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Employment Lands

junctionist

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Kris posted an interesting poster of a city initiative to enhance the city's employment lands in the Atria thread.

They had these posted in the offices and around the area

I find it interesting because the city sometimes rejects condo development proposals to protect employment areas--often districts with a concentration of businesses or industrial uses. Yet some of these districts seem to languish and stagnate while other parts of the city are revitalized. If the city wants to protect its employment lands, it needs to ensure that they're attractive places for businesses.

In the Junction, there's an area called the Stockyards. The area hasn't seen many new employers besides big box retailers and fast food chains. It's only when a factory closes and gets redeveloped that missing sidewalks will be built, for instance. Even though industrial taxpayers pay the highest tax rates, the streets are dirty and falling apart. It's important to keep employment lands attractive to businesses and their employees with good roads designed for commercial users that might need truck shipments, quality transit links, state-of-the-art communications infrastructure and attractive public spaces for employees.

I wouldn't want to see large parts of the city become bedroom communities if employment lands get redeveloped for condos. At the same time, the local infrastructure and public realm often need investment to ensure that employment lands don't stagnate when factories close. Allowing big box retail to take over employment lands isn't enough in terms of keeping good employment opportunities in the city.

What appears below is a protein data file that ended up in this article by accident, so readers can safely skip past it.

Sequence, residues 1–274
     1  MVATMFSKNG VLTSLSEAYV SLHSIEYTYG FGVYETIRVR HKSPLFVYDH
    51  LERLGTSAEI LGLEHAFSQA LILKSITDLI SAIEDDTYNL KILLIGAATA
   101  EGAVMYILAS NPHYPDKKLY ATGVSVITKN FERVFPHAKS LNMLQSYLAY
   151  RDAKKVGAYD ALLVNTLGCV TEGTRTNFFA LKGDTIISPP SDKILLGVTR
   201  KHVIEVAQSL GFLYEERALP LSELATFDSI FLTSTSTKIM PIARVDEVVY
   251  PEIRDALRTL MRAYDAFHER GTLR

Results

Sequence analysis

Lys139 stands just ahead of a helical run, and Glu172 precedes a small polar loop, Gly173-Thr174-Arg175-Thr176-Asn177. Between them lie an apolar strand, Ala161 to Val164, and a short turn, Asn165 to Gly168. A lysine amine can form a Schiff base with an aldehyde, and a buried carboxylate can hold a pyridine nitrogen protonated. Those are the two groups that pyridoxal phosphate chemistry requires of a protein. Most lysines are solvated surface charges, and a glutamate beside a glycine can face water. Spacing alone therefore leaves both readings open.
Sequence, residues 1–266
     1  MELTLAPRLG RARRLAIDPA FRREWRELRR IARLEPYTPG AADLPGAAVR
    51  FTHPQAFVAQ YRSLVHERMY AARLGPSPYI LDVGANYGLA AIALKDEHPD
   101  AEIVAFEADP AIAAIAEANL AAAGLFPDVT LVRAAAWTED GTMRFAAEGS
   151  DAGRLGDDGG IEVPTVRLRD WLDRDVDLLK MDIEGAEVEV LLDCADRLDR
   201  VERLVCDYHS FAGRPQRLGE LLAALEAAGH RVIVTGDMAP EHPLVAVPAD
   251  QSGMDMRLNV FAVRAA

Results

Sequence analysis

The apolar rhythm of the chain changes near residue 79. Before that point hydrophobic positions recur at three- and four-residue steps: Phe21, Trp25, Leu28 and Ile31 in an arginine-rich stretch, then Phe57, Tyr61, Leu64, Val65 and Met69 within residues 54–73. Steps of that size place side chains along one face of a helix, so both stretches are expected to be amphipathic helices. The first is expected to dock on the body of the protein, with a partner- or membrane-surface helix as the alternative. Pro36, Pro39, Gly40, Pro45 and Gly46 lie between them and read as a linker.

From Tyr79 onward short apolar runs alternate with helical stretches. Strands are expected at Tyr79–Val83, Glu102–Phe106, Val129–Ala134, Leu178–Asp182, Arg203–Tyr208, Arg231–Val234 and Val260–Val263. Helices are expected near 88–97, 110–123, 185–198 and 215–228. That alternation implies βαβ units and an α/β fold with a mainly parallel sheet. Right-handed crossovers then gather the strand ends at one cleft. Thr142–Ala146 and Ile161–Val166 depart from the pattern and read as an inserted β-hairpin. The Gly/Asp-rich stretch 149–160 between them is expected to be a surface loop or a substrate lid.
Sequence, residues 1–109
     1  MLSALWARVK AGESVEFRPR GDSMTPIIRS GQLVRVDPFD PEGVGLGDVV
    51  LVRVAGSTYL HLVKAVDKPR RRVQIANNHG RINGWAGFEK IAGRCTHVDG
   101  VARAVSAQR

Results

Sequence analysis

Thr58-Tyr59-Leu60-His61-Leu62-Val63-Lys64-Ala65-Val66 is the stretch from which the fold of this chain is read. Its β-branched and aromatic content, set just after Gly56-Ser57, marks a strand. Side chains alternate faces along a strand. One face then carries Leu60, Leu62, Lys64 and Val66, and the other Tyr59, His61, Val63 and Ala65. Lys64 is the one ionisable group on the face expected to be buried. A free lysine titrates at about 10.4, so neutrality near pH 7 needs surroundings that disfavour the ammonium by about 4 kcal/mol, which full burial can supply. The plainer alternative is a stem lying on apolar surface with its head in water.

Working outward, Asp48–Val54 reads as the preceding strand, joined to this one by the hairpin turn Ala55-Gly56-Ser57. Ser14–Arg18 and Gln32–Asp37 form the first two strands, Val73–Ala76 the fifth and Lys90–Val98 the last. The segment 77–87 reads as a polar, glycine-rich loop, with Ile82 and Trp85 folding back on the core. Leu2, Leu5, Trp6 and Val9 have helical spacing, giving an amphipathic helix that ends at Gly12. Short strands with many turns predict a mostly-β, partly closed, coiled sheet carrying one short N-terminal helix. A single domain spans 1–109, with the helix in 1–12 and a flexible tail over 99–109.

howl

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The "Employment" land designation was forced on every municipality in the Province by the Growth Plan for the Greater Golden Horseshoe. Every municipality was required to identify it's Urban Boundary, and then which lands within the boundary were Employment. Any changes to the Urban Boundary or Employments lands needs Provincial approval. A municipality can apply to the Province to get a change but they have to prove that they can still meet certain targets and objectives, one of which is to ensure there is enough vacant employment lands within the municipality to meet potential growth demands for a long time - since it will be virtually impossible to convert residential land back to employment land in the future. Therefore, if a municipality is going to apply to convert some land from Employment to Residential they need to be strategic about it. That is to say, they need select the most promising pieces of land in their application and not include less promising areas. As a result some areas like 404 and Sheppard, which is (likely to be) next to an LRT are top-of-the-list, while other areas which could potentially be redeveloped for non-employment uses are held back, because they are further down the City's priority list.
 
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